Into Laos: Strolling Vientiane
I’ll be honest with you, Laos, like Sri Lanka, wasn’t really on my radar when I moved to Asia. Then my friend Chloe went to Laos. When she came back, she told me, “You have to go.” Over a cup of coffee I listened to her talk about the charming old town of Luang Prabang and delicious French food. She also brought me back a pot of delicious black currant jam. I was sold. I contacted another PiA fellow who had been living in the capital, Vientiane, for a few years. She recommended a spot on NYTimes 36 Hours piece to start exploring. As I read more, I would encounter some dark pieces involving the Communist government. This piece was especially interesting and I recommend it to anyone before going. To put it in super simplistic terms, Laos is a complicated place. The landlocked country gets overlooked by many Americans today, yet, as the NYTimes piece notes, “Between 1964 and 1973, the United States dropped over two million tons of ordnance over Laos, making it the most heavily bombed country per capita in history.” As we strolled the night market in Vientiane, passing tables with dolls and beautiful embroidery, we also passed many with jewelry made from leftover bombs.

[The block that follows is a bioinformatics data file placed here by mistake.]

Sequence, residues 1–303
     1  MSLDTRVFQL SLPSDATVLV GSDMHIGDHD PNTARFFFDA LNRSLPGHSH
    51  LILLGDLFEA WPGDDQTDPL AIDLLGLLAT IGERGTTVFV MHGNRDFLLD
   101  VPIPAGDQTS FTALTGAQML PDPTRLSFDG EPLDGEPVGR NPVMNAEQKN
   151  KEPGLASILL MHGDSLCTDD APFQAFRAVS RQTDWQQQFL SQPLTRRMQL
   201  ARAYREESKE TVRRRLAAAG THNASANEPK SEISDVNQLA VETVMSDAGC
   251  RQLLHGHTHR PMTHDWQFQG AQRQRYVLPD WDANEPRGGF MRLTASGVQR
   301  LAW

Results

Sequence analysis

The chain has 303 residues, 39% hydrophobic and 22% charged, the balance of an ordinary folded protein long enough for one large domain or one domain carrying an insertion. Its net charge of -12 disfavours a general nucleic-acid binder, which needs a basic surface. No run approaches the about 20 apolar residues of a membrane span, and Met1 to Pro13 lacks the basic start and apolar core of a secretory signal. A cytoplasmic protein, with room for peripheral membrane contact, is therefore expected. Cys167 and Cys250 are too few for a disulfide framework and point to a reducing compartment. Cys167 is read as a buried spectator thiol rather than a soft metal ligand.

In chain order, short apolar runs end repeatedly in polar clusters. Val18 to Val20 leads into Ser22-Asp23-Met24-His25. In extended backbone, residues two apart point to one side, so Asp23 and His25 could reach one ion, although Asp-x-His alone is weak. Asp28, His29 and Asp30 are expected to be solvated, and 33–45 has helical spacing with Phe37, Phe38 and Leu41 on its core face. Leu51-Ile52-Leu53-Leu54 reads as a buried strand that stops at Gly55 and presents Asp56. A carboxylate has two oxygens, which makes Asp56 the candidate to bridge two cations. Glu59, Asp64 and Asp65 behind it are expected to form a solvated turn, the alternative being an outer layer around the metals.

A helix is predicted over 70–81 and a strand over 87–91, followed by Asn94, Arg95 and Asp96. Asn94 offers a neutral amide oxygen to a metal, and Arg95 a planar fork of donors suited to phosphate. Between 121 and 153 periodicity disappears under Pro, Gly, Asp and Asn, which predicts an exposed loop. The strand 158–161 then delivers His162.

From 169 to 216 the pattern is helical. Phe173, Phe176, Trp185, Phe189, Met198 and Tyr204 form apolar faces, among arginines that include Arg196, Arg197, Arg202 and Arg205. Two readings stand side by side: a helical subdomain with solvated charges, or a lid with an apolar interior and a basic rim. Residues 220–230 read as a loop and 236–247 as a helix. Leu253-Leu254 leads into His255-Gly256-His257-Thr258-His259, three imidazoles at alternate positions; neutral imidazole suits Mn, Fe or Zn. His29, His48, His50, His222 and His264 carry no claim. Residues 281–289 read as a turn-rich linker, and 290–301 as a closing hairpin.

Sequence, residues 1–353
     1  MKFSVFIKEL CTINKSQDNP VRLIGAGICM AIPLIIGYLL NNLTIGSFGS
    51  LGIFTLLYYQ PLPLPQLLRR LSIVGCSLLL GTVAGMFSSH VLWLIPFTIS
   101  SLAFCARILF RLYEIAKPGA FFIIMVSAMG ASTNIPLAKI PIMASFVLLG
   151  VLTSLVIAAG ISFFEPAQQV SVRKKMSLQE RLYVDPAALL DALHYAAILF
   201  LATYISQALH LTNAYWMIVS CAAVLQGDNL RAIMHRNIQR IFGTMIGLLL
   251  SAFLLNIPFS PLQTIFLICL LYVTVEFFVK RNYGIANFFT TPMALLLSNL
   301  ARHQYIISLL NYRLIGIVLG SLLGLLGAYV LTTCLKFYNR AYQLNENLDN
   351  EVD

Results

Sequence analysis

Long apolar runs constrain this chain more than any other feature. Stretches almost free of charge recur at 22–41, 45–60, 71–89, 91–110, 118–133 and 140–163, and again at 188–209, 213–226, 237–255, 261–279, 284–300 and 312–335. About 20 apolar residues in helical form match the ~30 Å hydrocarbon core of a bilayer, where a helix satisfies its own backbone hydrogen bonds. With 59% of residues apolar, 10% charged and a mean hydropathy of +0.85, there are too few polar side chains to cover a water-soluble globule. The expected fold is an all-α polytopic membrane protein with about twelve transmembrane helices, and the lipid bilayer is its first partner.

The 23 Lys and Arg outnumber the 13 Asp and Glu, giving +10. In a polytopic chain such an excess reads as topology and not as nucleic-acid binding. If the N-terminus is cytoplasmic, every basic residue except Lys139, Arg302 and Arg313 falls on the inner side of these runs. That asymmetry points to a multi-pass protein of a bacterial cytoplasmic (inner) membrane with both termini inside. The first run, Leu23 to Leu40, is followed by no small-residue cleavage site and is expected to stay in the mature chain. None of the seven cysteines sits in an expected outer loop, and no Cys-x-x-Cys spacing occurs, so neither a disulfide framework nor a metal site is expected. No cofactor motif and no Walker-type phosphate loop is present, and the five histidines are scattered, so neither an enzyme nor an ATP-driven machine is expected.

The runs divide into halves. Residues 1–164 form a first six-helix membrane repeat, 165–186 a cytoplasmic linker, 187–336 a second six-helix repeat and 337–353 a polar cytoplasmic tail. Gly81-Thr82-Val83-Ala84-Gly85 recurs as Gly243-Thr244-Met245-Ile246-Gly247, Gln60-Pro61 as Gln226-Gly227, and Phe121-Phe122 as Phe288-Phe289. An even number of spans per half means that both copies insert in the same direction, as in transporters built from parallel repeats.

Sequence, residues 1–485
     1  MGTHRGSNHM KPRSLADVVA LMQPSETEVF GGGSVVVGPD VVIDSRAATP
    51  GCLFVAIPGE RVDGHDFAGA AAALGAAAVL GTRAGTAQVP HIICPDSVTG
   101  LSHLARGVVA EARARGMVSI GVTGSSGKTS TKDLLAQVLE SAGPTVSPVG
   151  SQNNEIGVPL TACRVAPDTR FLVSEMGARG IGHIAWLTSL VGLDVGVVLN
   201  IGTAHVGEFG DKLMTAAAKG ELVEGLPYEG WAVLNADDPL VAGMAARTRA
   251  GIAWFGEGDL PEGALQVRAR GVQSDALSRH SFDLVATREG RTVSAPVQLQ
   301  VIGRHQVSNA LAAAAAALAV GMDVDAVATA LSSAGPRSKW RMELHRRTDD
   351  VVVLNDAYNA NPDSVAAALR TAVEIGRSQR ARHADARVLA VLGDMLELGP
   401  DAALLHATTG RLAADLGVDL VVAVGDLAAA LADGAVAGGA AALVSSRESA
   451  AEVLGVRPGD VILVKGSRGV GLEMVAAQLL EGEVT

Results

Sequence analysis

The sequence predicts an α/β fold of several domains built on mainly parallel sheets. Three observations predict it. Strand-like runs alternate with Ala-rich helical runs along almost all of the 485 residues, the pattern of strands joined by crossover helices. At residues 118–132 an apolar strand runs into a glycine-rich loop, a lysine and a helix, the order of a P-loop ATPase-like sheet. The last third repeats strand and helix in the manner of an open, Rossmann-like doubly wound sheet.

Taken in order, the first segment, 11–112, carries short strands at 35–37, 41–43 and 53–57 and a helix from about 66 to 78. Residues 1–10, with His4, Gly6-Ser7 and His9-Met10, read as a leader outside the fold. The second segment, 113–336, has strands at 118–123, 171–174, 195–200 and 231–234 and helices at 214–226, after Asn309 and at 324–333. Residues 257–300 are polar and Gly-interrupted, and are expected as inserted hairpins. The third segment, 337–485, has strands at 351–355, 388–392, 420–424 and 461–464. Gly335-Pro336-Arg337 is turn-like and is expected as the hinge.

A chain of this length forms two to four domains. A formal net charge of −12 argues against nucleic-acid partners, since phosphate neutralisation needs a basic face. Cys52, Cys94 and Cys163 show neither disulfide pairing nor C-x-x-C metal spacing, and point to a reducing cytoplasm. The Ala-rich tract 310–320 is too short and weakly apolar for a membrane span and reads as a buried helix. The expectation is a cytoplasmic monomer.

We had a full day to explore Vientiane, but, unfortunately, that day was a Monday. The famous Pha That Luang (Great Stupa) was closed. So instead we stayed in the center of town and visited Wat Si Saket, the oldest temple in the city. I could have spent hours here looking at all of the small Buddhas.
The French descended on Laos in the 19th century and their legacy is still present:
Vientiane even has its own Arc de Triomphe. Patuxai, or the Victory Monument, was built in 1969 and Lonely Planet had this interesting description that it was built “with cement donated by the USA intended for the construction of a new airport; hence expats refer to it as the ‘vertical runway.'”
View from inside the Arc:
Victor and I had a giggle when we saw this sign: That Dam Wat!
We also paid a visit to Haw Pha Kaew, a royal temple known for its Buddhas as well.
Want to get to Thailand? Just swim over:
I could have probably spent another day in Vientiane. It was a pleasant and super slow-paced capital city where strolling, stopping at cafes and eating well are on the menu. But Luang Prabang awaited us, so just as soon as we’d settled in, we were back on the road.
Where to Stay: Ansara Hotel, a bit of a splurge, but it was a nice hotel and the breakfast was delicious.
P.S. I just jumped on the Instagram bandwagon recently. If you’d like to see more photos, follow me @lydiatomkiw.